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Sesame Street's lessons for the Jews: Dr. Lewis Bernstein at the Dali Museum


Kimberly Newton

Shown here (l-r): Craig Sher; Dr. Lewis Bernstein; Emilie Socash, executive director of the Jewish Federation of Pinellas and Pasco Counties; and Margot Benstock, president of the Jewish Federation of Pinellas and Pasco Counties.

Nov. 10, 2015, was the 46th anniversary of the launch of the children's television program "Sesame Street" back in 1969. The Jewish Community's Dr. Lewis Bernstein worked on both the original American version and the Israeli-Palestinian versions of the show for many years. On Nov. 4, the Jewish Federation of Pinellas and Pasco Counties, Florida, hosted Bernstein as guest speaker for their 2016 Campaign Launch Party, "The Art of Giving," held at the Salvador Dali Museum in St. Petersburg, Florida.

Similar to Sun Coast Hillel Rabbi Ed Rosenthal's comparison of the artist Dali and the Jewish Community in Rosenthal's invocation, "Sesame Street" and the Jewish Community are both marked for their status as a "creative visionary." Bernstein shared five additional specific ways in which he saw that the Jewish Community was poised to draw from "Sesame Street."

Bernstein's five points cover the span of positive productivity in social work, and they begin with "invest in the early years" and "engage the family." "Sesame Street" has proven, as Bernstein shared, that thoughtful and positive attention to the very young, such as never "talking down" to children, is exceptionally beneficial. Young children are impressionable and should be shown respect, both in their own needs and in direction recognizing the needs of others. The Jewish Community has such a tradition intact since the imperative for education for young children in Eastern Europe's shtetls.

Although young children must be respected as individuals, they are not entirely independent. Therefore, Bernstein additionally shared the importance of engaging the whole family, not just the child. As he said, "If you miss adults, you miss the whole thing." Adults are a constant for the child's life, while the television is not-eventually, it goes off. The Jewish Community has such an imperative intact at this point as well as the first, as for generations the family unit as a whole has been engaged together in the religious and cultural environment of Judaism.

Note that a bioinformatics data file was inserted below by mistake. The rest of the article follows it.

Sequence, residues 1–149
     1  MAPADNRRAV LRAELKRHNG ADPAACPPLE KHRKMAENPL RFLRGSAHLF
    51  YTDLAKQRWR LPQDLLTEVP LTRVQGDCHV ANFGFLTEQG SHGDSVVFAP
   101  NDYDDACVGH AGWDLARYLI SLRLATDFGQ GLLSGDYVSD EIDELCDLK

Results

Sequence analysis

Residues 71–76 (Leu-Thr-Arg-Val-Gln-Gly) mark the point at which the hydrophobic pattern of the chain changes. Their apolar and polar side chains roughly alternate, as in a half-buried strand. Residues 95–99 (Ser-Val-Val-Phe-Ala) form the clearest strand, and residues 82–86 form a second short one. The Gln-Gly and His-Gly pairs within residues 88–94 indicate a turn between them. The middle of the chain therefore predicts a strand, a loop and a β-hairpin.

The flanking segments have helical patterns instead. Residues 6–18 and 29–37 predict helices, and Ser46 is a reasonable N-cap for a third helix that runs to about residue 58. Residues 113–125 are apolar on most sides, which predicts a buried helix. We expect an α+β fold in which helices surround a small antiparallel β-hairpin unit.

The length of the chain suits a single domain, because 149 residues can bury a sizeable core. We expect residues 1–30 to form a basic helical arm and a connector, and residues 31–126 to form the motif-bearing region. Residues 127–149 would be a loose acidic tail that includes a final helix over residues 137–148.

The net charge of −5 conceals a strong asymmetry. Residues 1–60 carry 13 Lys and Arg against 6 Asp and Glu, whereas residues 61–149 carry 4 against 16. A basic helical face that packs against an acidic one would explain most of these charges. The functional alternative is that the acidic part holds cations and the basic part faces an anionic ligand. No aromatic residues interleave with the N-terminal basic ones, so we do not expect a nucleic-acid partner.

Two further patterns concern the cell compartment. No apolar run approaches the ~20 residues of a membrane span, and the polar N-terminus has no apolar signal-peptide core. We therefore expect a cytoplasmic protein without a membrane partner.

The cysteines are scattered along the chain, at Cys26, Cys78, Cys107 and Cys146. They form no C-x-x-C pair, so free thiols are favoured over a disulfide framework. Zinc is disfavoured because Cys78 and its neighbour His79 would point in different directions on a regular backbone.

Bernstein's third and fourth points in which Jews can learn from "Sesame Street" are to "recognize and act when there is a paradigm shift," and to understand that "distribution is a prerequisite to impact." As he related, "The only constant in life is change," and the correlate proper response is to, as he put it, "Let My People Know." On the first point, the Jewish Community's relevant emphasis on knowledge and understanding is strong. Chapter 4, Verse 6 of Hosea in the Tanakh says, "My people are destroyed for a lack of knowledge," and such a striking statement drives the quest for knowledge that covers the Jewish Community. The second part of the third point, appropriate action, must not be forgotten in the quest for knowledge. Movements attempting to restore the proper balance between the two are repetitive throughout Jewish history, from Chassidism to Reform Judaism.

As an example of understanding that "distribution is a prerequisite to impact," Bernstein shared the story of the TV production's cooperation with the United States military. "Sesame Street" produced episodes designed for the children of military families to help explain first deployment, and then injury, and finally death of a military parent. These episodes were a significant help for military children correlate to their reach. There must be an active endeavor to find and accommodate the people who need the services being offered- in Bernstein's case, the children of military families.

Craig Sher, who delivered the "Invitation to Participate" in giving to the Pinellas and Pasco Counties Jewish Federation at "The Art of Giving," elaborated similar sentiments, stating that there is an obligation to find Jews in need. These Jews in need include the shut-ins, the homeless, the hungry, and the poor, and Sher related that such Jews are widely distributed but simply cared for and known little.

Bernstein related the power of "Sesame Street's sensibility" in his fifth point. This sensibility stands for quality in content, a quality that extends beyond facts to emotional skills and an understanding of the complexity of human development. Illustrating proper sensibility and tying together his five points and the Jewish Community, Bernstein told the story of the definition of a good Jew from Rabbi Menachem Mendel of Kotsk. One day, as the story goes, one of the Rabbi's students asked him who was a good Jew, and the Rabbi answered, "A good Jew is one who wants to be a good Jew." The student was confused and asked, "But, Rabbi- who wouldn't want to be a good Jew?" The Rabbi answered, "One who thinks they are a good Jew already." The lesson from Sesame Street is that the way for a children's television program, the Jewish Community, and every individual to be effective in life is to focus on relationship and human development as continuous first priority.

Caleb R. Newton is a global affairs analyst living in Central Florida. Find him at the Times of Israel, Dissecting Society, and Global News Breakdown. Contact him at calebrnewton@globalnewsbreakdown.com.


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